In 2007, under the Presidency of Rafael Correa, the Ecuadorian government made a ground-breaking proposal to the international community. The Ecuadorian State was willing to impose a permanent ban on oil drilling in the Yasuní National Park. The Yasuní-ITT (Ischpingo-Tiputini-Tambococha) initiative would not only promote conservation in one of the most biodiverse regions on Earth; it would leave856 million barrels ‘worth of oil underground, preventing the release of about 407 million metric tons of CO2into the atmosphere. All this in exchange for 3.6 billion USD—half the value of the oil reserves—to be raised from public and private contributions from the international community. However, after six years of campaigning and advertising, the government terminated the initiative owing to inadequate financial results.
The Yasuní-ITT Initiative sparked a politically fierce national debate on the productive future on the verge of a post-extractivist economic catastrophe and worldwide controversy. Although the initiative was ultimately unsuccessful, with its proposal, Ecuador opened an ongoing discussion about concepts like “development,” “growth,” “progress,” and “success. “These are not only meaningful terms to describe and analyse the societies we live in; they are also part of powerful discourses governing our ways of living, individually and collectively, locally and globally. We all have notions of what a prosperous society looks like, but at the same time, there are no concrete qualities or standards that can render our approaches any less vague.
This project focuses on (neo-) extractivism, a set of policies and practices aimed to further the exploitation (often at any cost) of available natural resources. I will consider the economic, social, political, environmental, and cultural implications of the conditions in countries where extractivist practices account for a large portion of the national income.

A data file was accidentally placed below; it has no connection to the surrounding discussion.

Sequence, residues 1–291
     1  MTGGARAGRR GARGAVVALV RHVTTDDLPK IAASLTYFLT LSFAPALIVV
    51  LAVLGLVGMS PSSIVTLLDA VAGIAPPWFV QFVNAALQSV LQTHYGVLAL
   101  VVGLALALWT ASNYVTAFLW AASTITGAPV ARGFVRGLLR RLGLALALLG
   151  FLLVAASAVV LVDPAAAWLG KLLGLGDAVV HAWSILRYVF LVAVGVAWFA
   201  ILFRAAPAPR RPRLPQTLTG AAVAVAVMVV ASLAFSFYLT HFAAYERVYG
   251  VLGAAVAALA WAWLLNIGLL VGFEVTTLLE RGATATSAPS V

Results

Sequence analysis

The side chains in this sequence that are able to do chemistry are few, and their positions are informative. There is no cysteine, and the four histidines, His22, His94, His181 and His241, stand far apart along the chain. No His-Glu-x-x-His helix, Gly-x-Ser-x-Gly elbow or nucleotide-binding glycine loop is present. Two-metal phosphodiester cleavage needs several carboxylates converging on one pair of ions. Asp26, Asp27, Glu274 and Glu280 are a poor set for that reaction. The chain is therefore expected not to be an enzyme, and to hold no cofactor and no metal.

The goal of this project isn’t to describe the right pathway to success but rather to deconstruct the notion of successions very core. Questioning the role and meaning of the concepts mentioned above, I aim to reveal the dominant discourses on how societies think they should act to achieve a certain status. How does a society build its understanding of success and development? How is this understanding reproduced? How does it influence other aspects of societal life?
To address these questions, this project combines theories of development, extractivism, and discourse analysis. In addition, I will also consider social and technical practices. To understand the extent of such discourses and their implications, it is crucial to scrutinise actual oil extraction practices, their impact on the environment and society, and the role of politics and economics. Only through a critical understanding of the technical, political, and economic practicalities is a reasonable analysis of the social outcomes and mechanisms possible.
Ultimately, this project seeks to gain an insight into the construction and reproduction of such discourses, taking into consideration more recent developments like the Yasuní-ITT Initiative. However, it will also consider Ecuador’s environmental, economic, and political history and its implications, thus allowing us to assess the Ecuadorian case within a regional and international comparison framework.